If your child experiences anxiety, it can be tough to deal with. Help them cope by offering ways to manage their feelings. Usually, this means talking with a mental health professional who can develop a treatment plan. That may include talk therapy or medication.
Talk About It
The most important thing to remember when your child struggles with stress is that it’s okay to talk about it. It can help them feel better about their situation and may even lead to a solution.
Children often have negative thoughts, which can make them feel anxious. Teaching your kids how to identify these thoughts, question them and change them into positive ones will reduce their anxiety and boost their confidence. It can be quite beneficial for children who are experiencing anxiety to express their feelings and thoughts through child-centered causes like that Alexandra Chipurnoi supports.
You can also teach your child about false alarms, which are situations that the brain thinks are dangerous but don’t need to be a threat. This can include trying out for a sports team, speaking in front of a group, or preparing for a big test.
Take a Break
If your child has been anxious about the start of school, a break may help them feel better. They can take a break from the pressure of school and focus on more positive things, such as playing a game or doing a fun activity with friends.
Taking a break helps to relax your body and mind, reset your brain state and restore your energy level. It also can improve productivity and reduce the stress that you feel in your work.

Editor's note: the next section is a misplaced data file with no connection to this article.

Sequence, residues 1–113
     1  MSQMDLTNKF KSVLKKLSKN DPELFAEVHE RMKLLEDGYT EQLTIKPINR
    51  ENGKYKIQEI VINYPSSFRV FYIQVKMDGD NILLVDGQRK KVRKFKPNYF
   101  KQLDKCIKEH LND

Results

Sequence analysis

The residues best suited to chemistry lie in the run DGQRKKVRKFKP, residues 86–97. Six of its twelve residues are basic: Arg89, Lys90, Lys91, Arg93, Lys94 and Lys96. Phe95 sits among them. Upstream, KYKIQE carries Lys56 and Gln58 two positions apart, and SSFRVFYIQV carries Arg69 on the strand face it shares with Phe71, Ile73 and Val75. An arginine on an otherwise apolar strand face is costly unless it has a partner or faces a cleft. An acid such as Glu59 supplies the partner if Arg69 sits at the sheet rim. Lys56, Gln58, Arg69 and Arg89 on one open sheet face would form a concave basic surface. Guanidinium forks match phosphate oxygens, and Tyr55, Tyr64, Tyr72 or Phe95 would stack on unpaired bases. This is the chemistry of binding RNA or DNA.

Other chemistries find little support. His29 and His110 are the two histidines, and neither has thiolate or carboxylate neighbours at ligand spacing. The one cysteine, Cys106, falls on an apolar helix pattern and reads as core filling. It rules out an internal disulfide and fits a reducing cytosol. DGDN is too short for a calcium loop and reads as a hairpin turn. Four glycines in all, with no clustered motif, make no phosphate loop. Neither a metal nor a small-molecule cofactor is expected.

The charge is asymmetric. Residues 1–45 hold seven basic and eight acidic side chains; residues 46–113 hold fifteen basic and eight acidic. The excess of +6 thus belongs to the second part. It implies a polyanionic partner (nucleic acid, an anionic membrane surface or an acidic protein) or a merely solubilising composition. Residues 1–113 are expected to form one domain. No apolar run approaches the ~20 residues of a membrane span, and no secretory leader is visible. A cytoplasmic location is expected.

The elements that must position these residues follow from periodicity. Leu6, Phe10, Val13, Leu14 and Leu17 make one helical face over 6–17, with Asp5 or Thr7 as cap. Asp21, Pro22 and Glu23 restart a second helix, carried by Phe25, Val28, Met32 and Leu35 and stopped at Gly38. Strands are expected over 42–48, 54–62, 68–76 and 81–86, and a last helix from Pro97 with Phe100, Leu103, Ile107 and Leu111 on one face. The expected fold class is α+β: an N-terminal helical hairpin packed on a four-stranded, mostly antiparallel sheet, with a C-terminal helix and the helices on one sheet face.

Short breaks that include something non-work related can be beneficial, such as eating or drinking, reading a book, talking to a friend or family member, or simply stepping away from the desk and taking in some fresh air. Keeping track of what happens during these breaks can motivate you and help you see how much you benefit from them.
Regular exercise has long been known to improve mood and reduce anxiety, whether it’s a few brisk walks or a challenging workout.
Even as little as five minutes of physical activity a day can help reduce stress hormone levels, making it easier for your anxious child to cope with stressful situations. It can also improve the quality of your child’s sleep.
Breathing is a powerful tool for calming kids and adults. It’s a simple, natural skill that can be taught and practiced.
One of the most effective calming techniques is to teach children to breathe with their diaphragm instead of their chest muscles. This type of breathing elicits the parasympathetic nervous system, which calms the body.
When children are stressed or anxious, they tend to use shallow thoracic breathing, which puts their breath in their chest and deprives them of carbon dioxide (a waste gas), which can cause hyperventilation and other problems.
To help your child learn to breathe with their diaphragm, practice belly breathing, where the inhale expands the stomach like a balloon and the exhale contracts it. It can take a little getting used to, but it can effectively calm the mind and body.
One of the most important ways you can help your anxious child cope with stress is to listen. This is because anxiety can signal that your child needs to talk about something they feel uncomfortable or worried about.
Whether it’s a big or small problem, listening can help your child understand their feelings and how to deal with them.
When stressed, kids often say “I can’t handle it” or “I can’t do it.” By telling them that you’re confident they can get through the situation, you’re helping them change their mindset and shift from a negative view of stress to one that helps them learn and grow.
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